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American College of Surgeons Releases Position Statement Stressing Importance of Trauma Center Designation Based Upon Population–Based System Need

New statement developed to support state and local agencies in making designation decisions that advocate for optimal care of injured patients

NEWS FROM THE AMERICAN COLLEGE OF SURGEONS | FOR IMMEDIATE RELEASE

CHICAGO (February 6, 2015): The American College of Surgeons (ACS) recently released a statement emphasizing that the allocation of trauma centers should be based upon the needs of the population, rather than the needs of individual health care organizations or hospital groups. The position statement, developed by the ACS Committee on Trauma’s (COT) Trauma Systems Evaluation and Planning Committee, was approved by the ACS Board of Regents last fall and recently published in the January issue of the Bulletin of the American College of Surgeons.

Trauma systems have long been of concern to the ACS and the COT. “Historically, the ACS has taken the lead in establishing standards and promoting quality in trauma care, and has long supported the principle that trauma centers should be allocated on the basis of need; ensuring that the welfare of injured patients remains the primary goal,” said statement coauthor Robert J. Winchell, MD, FACS, Chair of the ACS Trauma Systems Evaluation and Planning Committee, and professor of surgery and chief of trauma at the University of Texas Health Science Center, Houston.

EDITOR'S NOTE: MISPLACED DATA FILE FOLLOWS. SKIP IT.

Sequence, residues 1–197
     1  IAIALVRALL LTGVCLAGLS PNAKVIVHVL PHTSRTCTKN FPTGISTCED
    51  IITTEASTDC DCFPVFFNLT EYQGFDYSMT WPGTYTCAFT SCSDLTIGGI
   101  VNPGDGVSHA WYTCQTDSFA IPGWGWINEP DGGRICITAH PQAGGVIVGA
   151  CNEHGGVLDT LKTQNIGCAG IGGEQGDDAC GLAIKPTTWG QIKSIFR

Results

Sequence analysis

The statement notes, “The importance of controlling the allocation of trauma centers, as well as the need for a process to designate trauma centers based upon regional population need, has been recognized as an essential component of trauma system design since the 1980s. Nonetheless, few trauma systems are able to operationalize these concepts, especially when faced with real or potential challenges that stem from powerful health care institutions or providers.”

At their core, trauma systems are developed to achieve care that is optimal for injured patients.  Ronald M. Stewart, MD, FACS, Chair of the COT, and professor and chair of the department of surgery at the University of Texas (UT) Health Science Center, San Antonio, said that in the beginning of trauma system development, the problem was a lack of trauma centers. However, some areas are now seeing a perceived oversupply of trauma centers because the provision of trauma care can in some instances become highly profitable. “We believe it is very important to the injured patient to get this balance right, thus the need for this position statement,” Dr. Stewart said.  Further, Dr. Winchell said, “History has shown that market forces are insufficient to guarantee a stable system.  Police, fire and EMS services are not provided based on market profitability; the same criterion must be held true for trauma services.”

The statement lays out guidelines for optimal trauma system function. Among these is the principle that designation of trauma centers is the responsibility of the governmental lead agency with oversight of the regional trauma system. Furthermore, the lead agency should be guided by the local needs of the region(s) for which it provides oversight, and trauma center designation should be guided by the regional trauma plan based upon the needs of the population being served, rather than the needs of individual health care organizations or hospital groups.